This paper’s purpose is to review social capital as discussed in the literature, identify controversies and debates, consider some critical issues, and propose conceptual and research strategies in building a theory. I will argue that such a theory and the research enterprise must be based on the fundamental understanding that social capital is captured from embedded resources in social networks . Deviations from this understanding in conceptualization and measurement lead to confusion in analyzing causal mechanisms in the macro- and micro-processes. It is precisely these mechanisms and processes, essential for an interactive theory about structure and action, to which social capital promises to make contributions . By considering social capital as assets in networks, the paper will discuss some issues in conceptualizations, measurements, and causal mechanisms (the factors leading to inequality of social capital and the returns following investments in social capital) . A proposed model will follow . The paper will conclude by calling attention to the rise of a new form of social capital, cybernetworks, and briefly suggesting how research on this topic promises to make important contributions to the research enterprise .
Previous research has focused heavily on community communications as they occur in e.g.
communities of practice. Still, as indicated by the concept of networked individualism, contacts are becoming more networked in nature and group membership is transient. The research presented here yields to the call of Garton et al to move away from the study of communication taking place only in groups and to also investigate the potential of computer-mediated communication to support interaction in unbound and sparsely-knit social networks. As a consequence, in chapters 5 and 6, I’ve adopted a research method which takes the relationship between people as the basic unit of analysis. In conclusion, as work practice in Western economies is evolving towards knowledge work, and knowledge work rests heavily on knowledge sharing, the combination of networked individualism and knowledge sharing seems a relevant subject of study.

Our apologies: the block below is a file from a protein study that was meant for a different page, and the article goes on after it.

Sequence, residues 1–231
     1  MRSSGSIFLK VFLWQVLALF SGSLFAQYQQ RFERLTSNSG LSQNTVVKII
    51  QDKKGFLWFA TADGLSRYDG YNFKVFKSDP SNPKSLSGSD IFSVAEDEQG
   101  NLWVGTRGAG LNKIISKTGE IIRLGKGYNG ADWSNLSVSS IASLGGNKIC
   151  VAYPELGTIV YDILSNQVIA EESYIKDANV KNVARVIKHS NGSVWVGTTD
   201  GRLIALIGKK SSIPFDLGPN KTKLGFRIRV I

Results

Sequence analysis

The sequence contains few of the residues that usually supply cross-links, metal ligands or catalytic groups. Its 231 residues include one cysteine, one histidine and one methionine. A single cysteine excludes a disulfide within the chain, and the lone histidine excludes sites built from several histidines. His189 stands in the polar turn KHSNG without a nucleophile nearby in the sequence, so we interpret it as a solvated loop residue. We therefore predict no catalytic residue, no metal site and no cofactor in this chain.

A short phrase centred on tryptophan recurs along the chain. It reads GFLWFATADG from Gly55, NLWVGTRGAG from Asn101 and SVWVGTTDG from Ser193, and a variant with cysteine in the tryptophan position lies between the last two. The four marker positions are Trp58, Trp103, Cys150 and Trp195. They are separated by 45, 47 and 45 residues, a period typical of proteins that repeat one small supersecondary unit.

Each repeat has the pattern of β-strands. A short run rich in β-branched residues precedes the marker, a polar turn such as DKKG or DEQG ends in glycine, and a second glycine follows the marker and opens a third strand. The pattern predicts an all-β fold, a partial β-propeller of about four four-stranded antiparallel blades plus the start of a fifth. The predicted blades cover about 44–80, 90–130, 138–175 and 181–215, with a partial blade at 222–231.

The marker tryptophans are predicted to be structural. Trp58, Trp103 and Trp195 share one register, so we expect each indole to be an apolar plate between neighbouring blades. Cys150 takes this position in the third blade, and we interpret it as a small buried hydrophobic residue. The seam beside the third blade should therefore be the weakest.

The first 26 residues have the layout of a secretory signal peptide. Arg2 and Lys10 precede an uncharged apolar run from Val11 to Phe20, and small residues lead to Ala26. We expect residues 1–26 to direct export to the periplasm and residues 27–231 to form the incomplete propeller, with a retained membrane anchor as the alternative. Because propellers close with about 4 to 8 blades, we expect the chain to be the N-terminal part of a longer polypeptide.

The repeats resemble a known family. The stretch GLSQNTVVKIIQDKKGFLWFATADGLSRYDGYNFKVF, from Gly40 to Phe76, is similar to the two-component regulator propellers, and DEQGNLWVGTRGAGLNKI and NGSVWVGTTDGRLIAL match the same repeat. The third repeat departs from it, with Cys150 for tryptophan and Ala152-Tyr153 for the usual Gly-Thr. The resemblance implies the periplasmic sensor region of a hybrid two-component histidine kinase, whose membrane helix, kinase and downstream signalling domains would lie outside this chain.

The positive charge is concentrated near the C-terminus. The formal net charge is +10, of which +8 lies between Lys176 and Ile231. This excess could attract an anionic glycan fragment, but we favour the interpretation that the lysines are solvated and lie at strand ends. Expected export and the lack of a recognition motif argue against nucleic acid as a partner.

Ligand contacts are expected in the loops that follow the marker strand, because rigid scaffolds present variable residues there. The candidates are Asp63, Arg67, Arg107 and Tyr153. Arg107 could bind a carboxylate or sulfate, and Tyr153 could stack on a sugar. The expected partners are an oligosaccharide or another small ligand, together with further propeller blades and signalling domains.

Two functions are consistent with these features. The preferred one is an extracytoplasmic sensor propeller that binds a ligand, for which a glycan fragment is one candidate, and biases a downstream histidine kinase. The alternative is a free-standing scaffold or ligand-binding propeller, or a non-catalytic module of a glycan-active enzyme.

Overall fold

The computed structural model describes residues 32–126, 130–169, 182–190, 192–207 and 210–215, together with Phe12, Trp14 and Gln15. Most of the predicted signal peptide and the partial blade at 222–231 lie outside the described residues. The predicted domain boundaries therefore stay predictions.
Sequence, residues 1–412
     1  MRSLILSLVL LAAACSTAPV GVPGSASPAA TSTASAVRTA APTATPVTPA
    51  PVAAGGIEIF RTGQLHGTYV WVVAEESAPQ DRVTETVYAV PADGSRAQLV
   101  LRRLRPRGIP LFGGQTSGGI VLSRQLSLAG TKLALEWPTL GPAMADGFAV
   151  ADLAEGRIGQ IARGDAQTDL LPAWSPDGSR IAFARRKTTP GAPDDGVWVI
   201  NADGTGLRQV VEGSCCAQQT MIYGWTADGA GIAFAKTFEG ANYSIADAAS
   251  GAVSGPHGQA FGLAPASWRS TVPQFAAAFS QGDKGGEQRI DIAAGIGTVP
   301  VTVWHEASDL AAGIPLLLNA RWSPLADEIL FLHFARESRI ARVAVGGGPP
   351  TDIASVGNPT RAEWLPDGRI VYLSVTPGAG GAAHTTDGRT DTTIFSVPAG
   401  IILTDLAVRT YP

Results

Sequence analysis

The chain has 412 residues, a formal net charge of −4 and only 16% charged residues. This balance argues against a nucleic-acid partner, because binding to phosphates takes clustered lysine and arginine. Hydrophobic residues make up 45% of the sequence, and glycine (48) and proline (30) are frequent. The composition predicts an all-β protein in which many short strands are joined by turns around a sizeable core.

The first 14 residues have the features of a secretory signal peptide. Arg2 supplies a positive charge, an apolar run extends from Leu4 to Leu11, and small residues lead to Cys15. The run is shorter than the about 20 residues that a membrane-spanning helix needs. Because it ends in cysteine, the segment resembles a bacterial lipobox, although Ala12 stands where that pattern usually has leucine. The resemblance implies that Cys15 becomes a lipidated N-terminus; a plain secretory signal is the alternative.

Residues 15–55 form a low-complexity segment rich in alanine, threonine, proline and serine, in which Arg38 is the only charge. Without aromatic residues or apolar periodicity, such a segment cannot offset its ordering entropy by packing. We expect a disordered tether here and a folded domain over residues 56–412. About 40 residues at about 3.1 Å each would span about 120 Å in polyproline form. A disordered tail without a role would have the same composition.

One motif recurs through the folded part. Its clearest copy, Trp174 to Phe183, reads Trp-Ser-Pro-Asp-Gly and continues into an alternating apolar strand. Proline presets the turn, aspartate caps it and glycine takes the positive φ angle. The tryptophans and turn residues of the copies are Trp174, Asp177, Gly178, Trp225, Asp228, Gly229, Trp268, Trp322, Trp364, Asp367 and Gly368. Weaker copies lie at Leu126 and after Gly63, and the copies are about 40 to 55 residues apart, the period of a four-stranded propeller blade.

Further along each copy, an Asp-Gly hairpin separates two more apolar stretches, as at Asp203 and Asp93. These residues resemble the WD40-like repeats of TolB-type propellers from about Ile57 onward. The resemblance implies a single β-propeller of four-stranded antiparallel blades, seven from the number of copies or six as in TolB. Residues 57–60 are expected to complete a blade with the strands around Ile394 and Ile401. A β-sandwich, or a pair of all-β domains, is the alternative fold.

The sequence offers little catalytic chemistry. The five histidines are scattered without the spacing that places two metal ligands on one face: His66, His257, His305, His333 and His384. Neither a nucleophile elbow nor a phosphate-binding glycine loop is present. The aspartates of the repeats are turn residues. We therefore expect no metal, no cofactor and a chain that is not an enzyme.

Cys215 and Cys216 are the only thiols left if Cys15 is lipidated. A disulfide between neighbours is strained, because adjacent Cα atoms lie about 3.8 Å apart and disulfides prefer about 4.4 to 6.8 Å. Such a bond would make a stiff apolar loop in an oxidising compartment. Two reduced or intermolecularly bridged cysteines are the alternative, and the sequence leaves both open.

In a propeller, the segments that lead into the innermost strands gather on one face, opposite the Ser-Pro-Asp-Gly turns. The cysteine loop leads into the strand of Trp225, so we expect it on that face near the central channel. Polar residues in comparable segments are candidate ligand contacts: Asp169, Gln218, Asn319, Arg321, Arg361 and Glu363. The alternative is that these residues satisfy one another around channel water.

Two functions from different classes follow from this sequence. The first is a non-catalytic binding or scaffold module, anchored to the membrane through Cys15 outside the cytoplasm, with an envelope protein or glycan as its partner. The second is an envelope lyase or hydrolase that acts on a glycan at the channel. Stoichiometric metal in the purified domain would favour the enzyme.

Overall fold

Innovation – the process of obtaining, understanding, applying, transforming, managing and transferring knowledge – is a result of human collaboration, but it has become an increasingly complex process, with a growing number of interacting parties involved. Lack of innovation is not necessarily caused by lack of technology or lack of will to innovate, but often by social and cultural forces that jeopardize the cognitive processes and prevent potential innovation. This book focuses on the rule of social capital in the process of innovation: the social networks and the norms; values and attitudes (such as trust) of the actors; social capital as both bonding and bridging links between actors; and social capital as a feature at all spatial levels, from the single inventor to the transnational corporation. Contributors from a wide variety of countries and disciplines explore the cultural framework of innovation through empirics, case studies and examination of conceptual and methodological dilemmas.
Emotional states can be transferred to others via emotional contagion, leading people to experience the same emotions without their awareness. Emotional contagion is well established in laboratory experiments, with people transferring positive and negative emotions to others. Data from a large real-world social network, collected over a 20-y period suggests that longer-lasting moods (e.g., depression, happiness) can be transferred through networks, although the results are controversial. In an experiment with people who use Facebook, we test whether emotional contagion occurs outside of in-person interaction between individuals by reducing the amount of emotional content in the News Feed. When positive expressions were reduced, people produced fewer positive posts and more negative posts; when negative expressions were reduced, the opposite pattern occurred. These results indicate that emotions expressed by others on Facebook influence our own emotions, constituting experimental evidence for massive-scale contagion via social networks. This work also suggests that, in contrast to prevailing assumptions, in-person interaction and nonverbal cues are not strictly necessary for emotional contagion, and that the observation of others’ positive experiences constitutes a positive experience for people.